"Tannoy is updating its line without abandoning its strengths," the suave Tannoy rep explained to me. "Listen to this recording of Salvatore Accardo. It's an old analog recording and it may be a tad too warm, but you could listen to it for hours."
For the 40th anniversary, B&W is introducing the limited edition Signature Diamond, a $20,000 floorstanding two-way featuring the Diamond tweeter and B&W's kevlar 7" mid/bass driver. The flared port is tucked into that wedge-shaped cut-away on the bottom. Only 500 pairs will be made.
The $2000 (USD) Prestige ST-200 super-tweeter has a vapor-deposited gold 25mm dome driver that has a -6dB downpoint at 54kHz (and only -18dB@100kHz). The two drop-in connectors on top establish crossover (14kHz, 16kHz, abd 18kHz) and sensitivity (89.5dB, 90.5dB, 92dB, 93.5dB, and 95dB). It integrated so seamlessly with the Glenair that I was initially convinced I was hearing only the concentric driver.
Cayin was showing the stunningly retro SP 105i table radio, which had me drooling. Nobody here knew what US importer Sze Leung was going to sell them for, but having seen the show sample, it's not what I thought I remembered, obviously. Importer VAS is still trying to determine a price, I've now been told.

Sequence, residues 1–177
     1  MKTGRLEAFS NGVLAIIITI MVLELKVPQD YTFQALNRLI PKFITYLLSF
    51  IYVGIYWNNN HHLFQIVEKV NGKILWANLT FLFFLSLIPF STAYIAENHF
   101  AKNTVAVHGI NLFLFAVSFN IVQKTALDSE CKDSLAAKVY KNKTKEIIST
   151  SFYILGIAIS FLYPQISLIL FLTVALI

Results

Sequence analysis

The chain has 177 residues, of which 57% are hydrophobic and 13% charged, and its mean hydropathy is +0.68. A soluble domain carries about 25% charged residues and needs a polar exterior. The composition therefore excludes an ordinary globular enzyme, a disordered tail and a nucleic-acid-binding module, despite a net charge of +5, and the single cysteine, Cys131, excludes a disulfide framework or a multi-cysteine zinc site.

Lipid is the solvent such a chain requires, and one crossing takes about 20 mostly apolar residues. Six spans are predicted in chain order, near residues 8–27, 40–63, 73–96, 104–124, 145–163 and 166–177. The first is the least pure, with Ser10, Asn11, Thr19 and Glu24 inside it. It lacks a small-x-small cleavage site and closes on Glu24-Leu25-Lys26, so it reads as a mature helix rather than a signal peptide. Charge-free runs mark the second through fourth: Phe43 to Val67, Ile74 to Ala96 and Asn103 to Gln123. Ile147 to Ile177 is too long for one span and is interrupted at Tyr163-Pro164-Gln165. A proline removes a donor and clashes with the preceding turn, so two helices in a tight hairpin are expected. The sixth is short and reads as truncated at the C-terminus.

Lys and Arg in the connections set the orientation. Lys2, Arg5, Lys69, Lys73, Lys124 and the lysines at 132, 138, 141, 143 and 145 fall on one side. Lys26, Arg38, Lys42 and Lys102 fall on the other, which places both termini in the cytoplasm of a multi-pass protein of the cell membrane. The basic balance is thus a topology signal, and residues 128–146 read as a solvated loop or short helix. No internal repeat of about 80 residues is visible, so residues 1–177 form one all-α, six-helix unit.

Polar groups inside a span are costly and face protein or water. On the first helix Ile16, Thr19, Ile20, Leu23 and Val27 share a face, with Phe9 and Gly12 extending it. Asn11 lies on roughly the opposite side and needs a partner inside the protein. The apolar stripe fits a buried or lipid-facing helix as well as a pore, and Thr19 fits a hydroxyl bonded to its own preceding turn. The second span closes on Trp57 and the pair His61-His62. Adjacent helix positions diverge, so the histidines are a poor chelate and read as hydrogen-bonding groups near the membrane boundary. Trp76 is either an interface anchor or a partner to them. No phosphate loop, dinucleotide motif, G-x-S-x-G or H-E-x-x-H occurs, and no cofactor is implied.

I'm a lummox of an American and I have to admit I get confused when dealing with multiple currencies. On this trip, I've been juggling USD, HK dollars, and RMB—and that really makes the going rough. So when I asked Peter Chang how much this Audio Art Jasmine Model 3A integrated amplifier (9Wpc) would cost in the US, I was sure he'd gotten confused too, when he said $42,000.
When I checked in late last night, I noticed the cribs lined up along the halls of my corridor, but all I thought was, "What a child friendly country." Nor did I think much about all the Caucasian couples I saw carrying Asian infants amidst all the audiophiles thronging the halls.
This is Ping Gong, one of my hosts and my fellow traveler. At breakfast this morning, he explained to me how he became an audiophile. "It was the Cultural Revolution," he said. "We weren't allowed to study, so we played music and talked. I had a big Russian turntable—mono! And one speaker, of course.